A simple algorithm question

Source: Internet
Author: User
For example, item a value 1, item B value 2, item c value 8, and item d value 10 I provide a number 30 to find a combination that requires the minimum number of items used, which can be repeated for example:
Item a value 1,
Item B value 2,
Item c value 8,
D. Item value: 10

I give a number 30
Possible Combinations

The minimum number of items used must be repeated.

Reply content:

For example
Item a value 1,
Item B value 2,
Item c value 8,
D. Item value: 10

I give a number 30
Possible Combinations

The minimum number of items used must be repeated.

@ Ukyoi_D the analysis is correct, but the BFS solution pruning method proposed later is not a common method for dynamic planning. Of course, the method is also correct.

First, standardize the original question:

There are n items. The value of each item is v [I]. and v [0] <= v [I] <= v [I + 1] <= v [n-1]; given the total value w, evaluate the minimum value of m items, make the total value of m Products w.

The algorithm is dynamic planning, and the process has been proved by Ukyoi_D. The state transition equation is provided here.

The state transition equation is:

 f[i][w] = min{   f[i-1][w] if f[i-1][w] exist    ,    f[i-1][w-v[i]] +1 if f[i-1][w-v[i]]exist  }

Wheref[i][w]Indicates filling in the first itemwNumber of items required for valuable items,f[i][w]BeforeiItems can be combinedwValue items, which do not exist, cannot be combinedwValuable items.

Forf[i][w]There are actually three possibilities: 1. SelectiThe number of items must be equalf[i-1][w-v[i]]+1. 2. If I is not selected, the item must be equalf[i-1][w], 3.f[i-1][w-v[i]]Andf[i-1][w]If none of them existf[i][w]It does not exist either.

Select the smallest or non-existent among the three conditions.

The specific implementation only requires a two-dimensional array, and the nonexistent state is represented by infinity.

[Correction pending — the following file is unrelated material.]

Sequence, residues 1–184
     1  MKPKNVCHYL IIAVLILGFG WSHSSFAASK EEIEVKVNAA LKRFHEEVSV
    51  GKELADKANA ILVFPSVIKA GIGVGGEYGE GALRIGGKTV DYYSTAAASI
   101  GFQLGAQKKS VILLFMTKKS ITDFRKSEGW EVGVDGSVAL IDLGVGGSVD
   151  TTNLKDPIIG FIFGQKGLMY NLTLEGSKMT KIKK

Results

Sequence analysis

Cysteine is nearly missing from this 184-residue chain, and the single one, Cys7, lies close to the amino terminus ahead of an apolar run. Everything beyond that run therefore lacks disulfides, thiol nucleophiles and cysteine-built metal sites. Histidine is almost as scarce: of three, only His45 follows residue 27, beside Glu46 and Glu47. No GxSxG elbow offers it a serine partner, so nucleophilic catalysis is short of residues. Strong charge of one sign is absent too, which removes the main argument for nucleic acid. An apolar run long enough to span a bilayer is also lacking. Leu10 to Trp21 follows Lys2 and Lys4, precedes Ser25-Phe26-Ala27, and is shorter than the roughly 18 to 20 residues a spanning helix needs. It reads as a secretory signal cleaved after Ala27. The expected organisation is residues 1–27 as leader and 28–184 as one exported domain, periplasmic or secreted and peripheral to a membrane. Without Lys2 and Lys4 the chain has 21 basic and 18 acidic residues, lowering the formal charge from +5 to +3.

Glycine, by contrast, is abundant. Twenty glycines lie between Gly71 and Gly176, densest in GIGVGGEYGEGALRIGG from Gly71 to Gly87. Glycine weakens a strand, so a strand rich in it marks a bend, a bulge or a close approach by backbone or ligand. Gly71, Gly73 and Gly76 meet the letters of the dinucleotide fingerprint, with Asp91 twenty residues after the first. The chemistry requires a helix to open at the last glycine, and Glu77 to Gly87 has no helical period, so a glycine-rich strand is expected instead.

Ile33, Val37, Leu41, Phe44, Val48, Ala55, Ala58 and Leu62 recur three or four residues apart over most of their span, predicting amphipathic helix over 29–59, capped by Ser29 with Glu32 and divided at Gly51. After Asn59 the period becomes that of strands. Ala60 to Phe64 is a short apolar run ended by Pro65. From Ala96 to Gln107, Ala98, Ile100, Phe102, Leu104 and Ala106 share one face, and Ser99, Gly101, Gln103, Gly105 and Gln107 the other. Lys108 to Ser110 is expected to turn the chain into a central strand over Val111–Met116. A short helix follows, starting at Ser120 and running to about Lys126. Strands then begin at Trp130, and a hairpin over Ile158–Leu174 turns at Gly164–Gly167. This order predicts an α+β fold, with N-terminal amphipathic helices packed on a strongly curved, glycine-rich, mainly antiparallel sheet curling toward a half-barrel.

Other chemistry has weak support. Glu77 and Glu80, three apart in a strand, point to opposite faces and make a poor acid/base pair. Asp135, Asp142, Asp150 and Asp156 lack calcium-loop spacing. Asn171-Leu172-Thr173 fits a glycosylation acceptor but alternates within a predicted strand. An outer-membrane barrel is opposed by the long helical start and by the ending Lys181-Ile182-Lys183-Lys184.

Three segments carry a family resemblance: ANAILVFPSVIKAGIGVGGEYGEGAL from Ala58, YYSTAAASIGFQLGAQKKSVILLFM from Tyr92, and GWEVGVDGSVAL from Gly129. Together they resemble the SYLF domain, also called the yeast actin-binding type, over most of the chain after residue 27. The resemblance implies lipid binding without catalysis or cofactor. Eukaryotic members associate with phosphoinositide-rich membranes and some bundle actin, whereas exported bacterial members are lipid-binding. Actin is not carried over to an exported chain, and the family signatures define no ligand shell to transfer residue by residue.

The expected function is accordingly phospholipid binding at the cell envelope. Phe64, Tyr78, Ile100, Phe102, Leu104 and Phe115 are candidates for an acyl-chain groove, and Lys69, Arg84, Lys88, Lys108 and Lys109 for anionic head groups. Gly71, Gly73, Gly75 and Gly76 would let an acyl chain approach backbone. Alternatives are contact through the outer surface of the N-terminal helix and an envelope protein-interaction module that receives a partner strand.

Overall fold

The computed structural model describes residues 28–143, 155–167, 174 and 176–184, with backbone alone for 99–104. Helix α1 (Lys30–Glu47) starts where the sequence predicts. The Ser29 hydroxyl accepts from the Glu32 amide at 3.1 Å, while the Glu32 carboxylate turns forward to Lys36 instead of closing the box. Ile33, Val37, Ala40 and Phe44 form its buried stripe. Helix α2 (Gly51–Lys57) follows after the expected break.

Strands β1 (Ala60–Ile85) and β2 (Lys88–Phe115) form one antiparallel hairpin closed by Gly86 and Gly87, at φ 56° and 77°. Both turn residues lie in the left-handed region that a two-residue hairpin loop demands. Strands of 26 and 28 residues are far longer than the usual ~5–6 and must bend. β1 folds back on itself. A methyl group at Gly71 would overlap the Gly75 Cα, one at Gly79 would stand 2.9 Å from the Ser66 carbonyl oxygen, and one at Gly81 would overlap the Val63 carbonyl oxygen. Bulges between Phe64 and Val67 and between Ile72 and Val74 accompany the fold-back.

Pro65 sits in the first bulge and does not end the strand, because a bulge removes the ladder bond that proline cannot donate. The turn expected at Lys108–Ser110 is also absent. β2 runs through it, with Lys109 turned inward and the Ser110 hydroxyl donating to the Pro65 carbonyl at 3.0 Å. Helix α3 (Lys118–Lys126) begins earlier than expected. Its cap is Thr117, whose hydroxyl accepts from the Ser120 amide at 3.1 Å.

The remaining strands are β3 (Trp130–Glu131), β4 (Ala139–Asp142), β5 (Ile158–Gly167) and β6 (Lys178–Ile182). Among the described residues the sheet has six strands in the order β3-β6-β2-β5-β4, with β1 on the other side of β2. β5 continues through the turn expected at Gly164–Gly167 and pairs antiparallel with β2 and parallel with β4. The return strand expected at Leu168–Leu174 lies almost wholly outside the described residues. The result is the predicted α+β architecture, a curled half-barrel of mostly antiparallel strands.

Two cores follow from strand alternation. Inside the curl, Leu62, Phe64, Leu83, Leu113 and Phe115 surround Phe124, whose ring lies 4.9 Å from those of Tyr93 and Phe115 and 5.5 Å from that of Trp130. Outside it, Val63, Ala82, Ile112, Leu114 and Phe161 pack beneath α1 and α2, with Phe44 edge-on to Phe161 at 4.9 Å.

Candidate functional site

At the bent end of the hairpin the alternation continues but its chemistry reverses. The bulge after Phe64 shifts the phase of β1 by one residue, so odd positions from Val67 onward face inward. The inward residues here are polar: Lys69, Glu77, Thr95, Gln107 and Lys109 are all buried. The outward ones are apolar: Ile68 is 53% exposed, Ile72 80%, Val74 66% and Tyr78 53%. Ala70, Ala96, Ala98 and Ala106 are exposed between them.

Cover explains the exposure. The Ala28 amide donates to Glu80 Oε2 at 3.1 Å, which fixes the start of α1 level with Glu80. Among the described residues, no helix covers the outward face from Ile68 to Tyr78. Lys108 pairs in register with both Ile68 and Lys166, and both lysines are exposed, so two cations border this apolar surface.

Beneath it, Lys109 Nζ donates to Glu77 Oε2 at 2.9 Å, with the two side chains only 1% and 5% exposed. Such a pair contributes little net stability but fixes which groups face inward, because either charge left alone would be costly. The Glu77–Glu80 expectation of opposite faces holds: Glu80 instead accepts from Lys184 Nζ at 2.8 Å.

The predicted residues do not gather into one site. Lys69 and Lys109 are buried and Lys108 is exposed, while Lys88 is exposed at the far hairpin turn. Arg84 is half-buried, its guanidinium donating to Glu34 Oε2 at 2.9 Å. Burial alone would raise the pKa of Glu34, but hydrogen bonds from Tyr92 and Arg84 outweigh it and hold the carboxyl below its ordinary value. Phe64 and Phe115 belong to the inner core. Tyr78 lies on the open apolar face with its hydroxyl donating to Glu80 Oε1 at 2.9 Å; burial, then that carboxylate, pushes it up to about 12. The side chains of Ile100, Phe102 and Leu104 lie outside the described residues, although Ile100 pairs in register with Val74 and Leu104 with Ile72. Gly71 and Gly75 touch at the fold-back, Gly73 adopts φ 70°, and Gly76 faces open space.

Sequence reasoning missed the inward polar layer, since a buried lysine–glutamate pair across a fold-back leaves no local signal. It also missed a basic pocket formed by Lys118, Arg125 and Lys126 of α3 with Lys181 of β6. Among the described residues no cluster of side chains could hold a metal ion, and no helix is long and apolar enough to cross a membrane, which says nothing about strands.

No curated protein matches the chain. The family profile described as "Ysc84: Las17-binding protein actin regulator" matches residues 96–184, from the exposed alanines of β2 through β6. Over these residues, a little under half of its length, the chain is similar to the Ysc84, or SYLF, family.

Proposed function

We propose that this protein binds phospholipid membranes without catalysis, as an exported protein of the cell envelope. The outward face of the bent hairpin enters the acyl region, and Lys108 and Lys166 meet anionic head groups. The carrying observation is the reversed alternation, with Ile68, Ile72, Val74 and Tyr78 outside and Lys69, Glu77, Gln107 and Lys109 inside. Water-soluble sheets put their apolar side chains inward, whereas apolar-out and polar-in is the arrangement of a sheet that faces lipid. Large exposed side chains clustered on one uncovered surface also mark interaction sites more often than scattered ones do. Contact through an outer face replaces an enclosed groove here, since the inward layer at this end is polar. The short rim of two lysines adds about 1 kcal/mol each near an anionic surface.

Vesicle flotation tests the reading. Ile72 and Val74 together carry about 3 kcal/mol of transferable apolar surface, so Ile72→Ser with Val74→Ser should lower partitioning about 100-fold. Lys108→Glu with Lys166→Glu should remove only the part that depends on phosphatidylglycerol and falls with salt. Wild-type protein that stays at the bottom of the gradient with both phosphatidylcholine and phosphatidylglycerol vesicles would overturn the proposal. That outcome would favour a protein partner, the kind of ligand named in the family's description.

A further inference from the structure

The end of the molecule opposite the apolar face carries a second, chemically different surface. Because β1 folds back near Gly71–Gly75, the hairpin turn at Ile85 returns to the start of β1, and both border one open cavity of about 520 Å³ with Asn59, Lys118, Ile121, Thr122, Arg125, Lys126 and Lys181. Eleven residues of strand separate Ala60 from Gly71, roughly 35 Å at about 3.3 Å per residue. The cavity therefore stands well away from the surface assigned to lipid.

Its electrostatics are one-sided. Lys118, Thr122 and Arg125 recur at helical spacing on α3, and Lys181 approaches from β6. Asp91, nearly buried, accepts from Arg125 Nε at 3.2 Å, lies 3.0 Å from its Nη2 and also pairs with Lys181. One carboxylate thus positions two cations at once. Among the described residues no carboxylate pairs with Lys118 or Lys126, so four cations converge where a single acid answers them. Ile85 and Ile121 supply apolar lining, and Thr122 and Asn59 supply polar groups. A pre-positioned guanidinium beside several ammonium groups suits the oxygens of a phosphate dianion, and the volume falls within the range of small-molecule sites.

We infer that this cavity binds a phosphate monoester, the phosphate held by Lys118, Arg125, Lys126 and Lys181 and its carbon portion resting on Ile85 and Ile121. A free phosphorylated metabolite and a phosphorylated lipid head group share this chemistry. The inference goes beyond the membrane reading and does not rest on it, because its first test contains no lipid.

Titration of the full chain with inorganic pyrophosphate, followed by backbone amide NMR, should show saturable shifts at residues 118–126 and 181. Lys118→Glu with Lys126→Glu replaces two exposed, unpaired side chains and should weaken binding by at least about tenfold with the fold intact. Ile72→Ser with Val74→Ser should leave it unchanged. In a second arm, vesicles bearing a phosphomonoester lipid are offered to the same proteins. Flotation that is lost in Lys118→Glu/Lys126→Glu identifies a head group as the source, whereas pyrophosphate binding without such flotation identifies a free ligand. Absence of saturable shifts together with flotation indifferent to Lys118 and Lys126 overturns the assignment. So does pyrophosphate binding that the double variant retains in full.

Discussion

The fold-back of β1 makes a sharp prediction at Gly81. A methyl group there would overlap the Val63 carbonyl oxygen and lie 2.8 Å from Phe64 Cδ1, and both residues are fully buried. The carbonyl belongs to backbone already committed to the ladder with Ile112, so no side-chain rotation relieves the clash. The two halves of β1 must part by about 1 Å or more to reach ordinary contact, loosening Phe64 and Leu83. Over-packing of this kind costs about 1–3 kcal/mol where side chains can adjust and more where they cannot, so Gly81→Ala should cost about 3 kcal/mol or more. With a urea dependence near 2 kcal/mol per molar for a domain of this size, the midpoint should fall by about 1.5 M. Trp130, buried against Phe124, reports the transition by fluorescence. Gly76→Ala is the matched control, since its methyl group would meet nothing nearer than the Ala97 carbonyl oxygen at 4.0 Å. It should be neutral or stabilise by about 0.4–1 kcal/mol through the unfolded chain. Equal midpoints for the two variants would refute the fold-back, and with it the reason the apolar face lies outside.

This should not involve algorithms, but requires the minimum number of items used, that is, the use of valuable items as much as possible,
Use 30 to take an integer from d-"a, and take the remainder. The integer is the number of the number to use. The remainder is the remaining number. continue to the next operation until the allocation is complete.

// ======================================
First look at the problem:
1. The allocation must be completed without saying 30.
2. requires the minimum number of items

So I think it's okay to give a solution, so I barely count as greedy.

I don't think it's a backpack problem.
1. the knapsack problem is considered in two dimensions: weight and value, but here there is only value
2. The problem with a backpack requires that the final value be maximized. Here, only the minimum number of items is required.

Problem description:

There are m items, and the value is V1-Vm f (I) for the "value I and the minimum combination of items" f (n)


f(0) = 0f(i) = +∞,1 <= i <= n


From 1 to nf (I) = min (f (I-Vx) {1 <= x <= m & I> = Vx }) + 1 if it does not meet 1 <= x <= m & I> = Vx, f (I) = + ∞

The minimum number of items used is repeated.

That's three d, just 30.

Is there anything less than this?

In addition, this is not a problem with a backpack at all. It is not only a matter of value, but also a matter of weight.

Upstairs, it is obvious that this question does not involve algorithms ...... This is a classic dynamic planning entry ......
The greedy solution is feasible for the specific value of 30, but for example, 16 is not feasible. The optimal solution of 16 is obviously to take two 8 s, instead of the greedy method to take 10 and then take three 2.

In the original question, we should use the minimum number of items to get up to 30. If I take one item at will, for example, I take a 2 item, and then I need to take 28 to meet the requirement of "make up 30, so there was a sub-problem: how to use the minimum number of items to make up 28. Similarly, if I get 10, the sub-problem is that I need 20.